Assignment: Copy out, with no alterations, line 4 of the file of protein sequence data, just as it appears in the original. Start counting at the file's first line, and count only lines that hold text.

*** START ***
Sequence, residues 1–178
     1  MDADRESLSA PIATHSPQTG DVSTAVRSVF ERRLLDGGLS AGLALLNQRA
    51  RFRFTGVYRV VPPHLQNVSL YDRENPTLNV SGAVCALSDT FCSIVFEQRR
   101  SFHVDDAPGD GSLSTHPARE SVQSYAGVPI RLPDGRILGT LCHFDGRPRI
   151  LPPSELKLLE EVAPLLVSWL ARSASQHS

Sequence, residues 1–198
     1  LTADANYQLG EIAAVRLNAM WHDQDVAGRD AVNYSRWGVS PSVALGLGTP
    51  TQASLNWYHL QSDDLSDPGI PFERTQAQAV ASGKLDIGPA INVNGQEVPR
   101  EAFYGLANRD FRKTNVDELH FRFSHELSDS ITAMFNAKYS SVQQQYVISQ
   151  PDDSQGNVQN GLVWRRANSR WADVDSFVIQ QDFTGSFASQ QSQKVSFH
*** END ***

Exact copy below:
   101  SFHVDDAPGD GSLSTHPARE SVQSYAGVPI RLPDGRILGT LCHFDGRPRI